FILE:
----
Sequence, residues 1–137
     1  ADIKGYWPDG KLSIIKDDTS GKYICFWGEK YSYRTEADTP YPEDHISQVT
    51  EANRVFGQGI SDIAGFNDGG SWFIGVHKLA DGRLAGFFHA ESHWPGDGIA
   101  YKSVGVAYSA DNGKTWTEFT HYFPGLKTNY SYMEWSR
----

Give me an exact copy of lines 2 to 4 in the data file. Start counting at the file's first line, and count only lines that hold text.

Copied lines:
     1  ADIKGYWPDG KLSIIKDDTS GKYICFWGEK YSYRTEADTP YPEDHISQVT
    51  EANRVFGQGI SDIAGFNDGG SWFIGVHKLA DGRLAGFFHA ESHWPGDGIA
   101  YKSVGVAYSA DNGKTWTEFT HYFPGLKTNY SYMEWSR